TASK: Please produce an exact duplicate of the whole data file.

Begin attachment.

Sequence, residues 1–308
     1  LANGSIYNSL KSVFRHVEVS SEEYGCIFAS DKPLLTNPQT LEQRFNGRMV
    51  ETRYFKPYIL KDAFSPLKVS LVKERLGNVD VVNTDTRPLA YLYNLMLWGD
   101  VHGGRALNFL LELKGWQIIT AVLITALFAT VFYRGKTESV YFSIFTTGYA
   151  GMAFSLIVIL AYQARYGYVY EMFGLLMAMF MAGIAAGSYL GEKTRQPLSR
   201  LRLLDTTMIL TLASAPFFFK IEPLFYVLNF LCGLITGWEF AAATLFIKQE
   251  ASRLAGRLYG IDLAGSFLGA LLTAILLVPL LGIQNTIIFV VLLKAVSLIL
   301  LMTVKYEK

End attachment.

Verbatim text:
Sequence, residues 1–308
     1  LANGSIYNSL KSVFRHVEVS SEEYGCIFAS DKPLLTNPQT LEQRFNGRMV
    51  ETRYFKPYIL KDAFSPLKVS LVKERLGNVD VVNTDTRPLA YLYNLMLWGD
   101  VHGGRALNFL LELKGWQIIT AVLITALFAT VFYRGKTESV YFSIFTTGYA
   151  GMAFSLIVIL AYQARYGYVY EMFGLLMAMF MAGIAAGSYL GEKTRQPLSR
   201  LRLLDTTMIL TLASAPFFFK IEPLFYVLNF LCGLITGWEF AAATLFIKQE
   251  ASRLAGRLYG IDLAGSFLGA LLTAILLVPL LGIQNTIIFV VLLKAVSLIL
   301  LMTVKYEK